01 October 2008

This IS Very Good News (Very Good Indeed, Yes?), SO Naturally the NYT Ends the Article with a Critic of the Bill . . .

The United States opened a new chapter of cooperation with India on Wednesday night as Congress gave final approval to a breakthrough agreement permitting civilian nuclear trade between the two countries for the first time in three decades

It's about time. India can be our best friend in Asia, and a bulwark for us against three potential rivals/threats. India can help us against agressive Islamist, Russia, and China, but only if we embrace India and help them thrive as the world's largest democracy.

India's far from perfect, but they have the potential to be a much better ally for us than China can (so long as China remains the strange semi-free market/very totalitarian hybrid it currently is), and a friendly India that we cooperate with will be to both our benefit.

So, of course, the NYT has to find some way to paint this as a negative given that the Bush Administration isn't allowed any foreign policy victories, here's the end of the article:
The United States-India Business Council, which promoted the deal, estimates that India may spend as much as $175 billion over the next quarter century expanding its nuclear industry to cope with rising energy demands. Companies like General Electric, Westinghouse and Bechtel will now be able to compete for contracts.

“This is one of those historic, important, tectonic shifts in relations with another country,” said Ron Somers, the council’s president. “This is a country we need to be partnering with and I would argue will be shaping the destiny of the 21st century.” Michael Krepon, co-founder of the Henry L. Stimson Center, a research organization in Washington, called the promise of big dollars and American jobs “pure fantasy” and predicted that the United States would regret further opening the nuclear door.

“There will be a reckoning for this agreement,” he said. “You can argue till you’re blue in the face that India is a special case. But what happens in one country affects what happens in others.”

The Washington Times published Michael Krepon's Op-Ed on the subject, and I find his analysis wanting. Cooperating with India won't weaken the goal of non-proliferation, working with India won't spawn any greater nuclear competition between India, Pakistan and China than already exists. That genie is out of the bottle, and in short order, Taiwan, Japan, and a united Korea might join them in the Asian countries with big nasty bombs club before 2020 (I leave out Iran because Iran will simply not be given the chance to join that club, their government is too erratic, too supportive of terrorism, and too hell bent on the destruction of Israel for any responsible United States government to turn a blind eye to their activities). This agreement doesn't make that eventuality any more or less likely, it's simply a matter of the proliferation of technology and states exercising their right to self determination and taking actions that they feel are part of their motivated self-interest.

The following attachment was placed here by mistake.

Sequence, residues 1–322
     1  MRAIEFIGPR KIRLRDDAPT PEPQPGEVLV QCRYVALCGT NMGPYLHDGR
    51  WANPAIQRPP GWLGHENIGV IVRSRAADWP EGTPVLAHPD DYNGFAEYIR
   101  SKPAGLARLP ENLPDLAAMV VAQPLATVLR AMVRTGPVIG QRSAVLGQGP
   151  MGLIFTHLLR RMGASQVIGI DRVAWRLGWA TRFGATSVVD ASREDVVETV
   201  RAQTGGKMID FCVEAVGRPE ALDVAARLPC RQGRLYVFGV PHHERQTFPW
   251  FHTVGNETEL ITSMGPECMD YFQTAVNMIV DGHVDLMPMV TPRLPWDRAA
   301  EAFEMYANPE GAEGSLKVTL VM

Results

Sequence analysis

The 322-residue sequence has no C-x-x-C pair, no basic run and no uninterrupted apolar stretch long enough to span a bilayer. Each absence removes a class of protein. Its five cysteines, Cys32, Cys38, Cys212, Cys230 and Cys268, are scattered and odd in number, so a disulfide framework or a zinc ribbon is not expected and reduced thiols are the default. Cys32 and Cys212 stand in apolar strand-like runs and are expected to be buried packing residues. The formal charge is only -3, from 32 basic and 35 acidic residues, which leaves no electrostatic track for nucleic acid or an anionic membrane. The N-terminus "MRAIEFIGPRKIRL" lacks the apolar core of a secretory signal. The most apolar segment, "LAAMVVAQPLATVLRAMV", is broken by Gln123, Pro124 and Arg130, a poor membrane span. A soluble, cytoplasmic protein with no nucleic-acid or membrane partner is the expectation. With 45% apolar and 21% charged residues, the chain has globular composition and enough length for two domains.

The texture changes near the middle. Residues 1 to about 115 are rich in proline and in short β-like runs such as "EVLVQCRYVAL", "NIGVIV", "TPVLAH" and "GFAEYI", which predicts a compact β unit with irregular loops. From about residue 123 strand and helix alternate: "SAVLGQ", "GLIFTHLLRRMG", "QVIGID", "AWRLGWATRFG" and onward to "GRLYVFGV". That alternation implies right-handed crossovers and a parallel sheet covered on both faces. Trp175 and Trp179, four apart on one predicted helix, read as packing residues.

Asia's a dangerous neighborhood, with very large countries posing existential threats to smaller nations, that's the reason why WMD proliferation will happen over the next 12 years, not anything to do with one agreement between the United States and India. The experience of the five original nuclear powers proves the defensive effectiveness of WMD, it's a worthy goal to lessen their proliferation, and it's a high priority to keep these weapons away from non-state actors or failed states, but these weapons remain attractive for good reason, and ostracizing India in perpetuity for developing their own nuclear capacity will not serve the goal of reducing WMD, nor will it prevent the inevitable escalation of a local arms race in the region.

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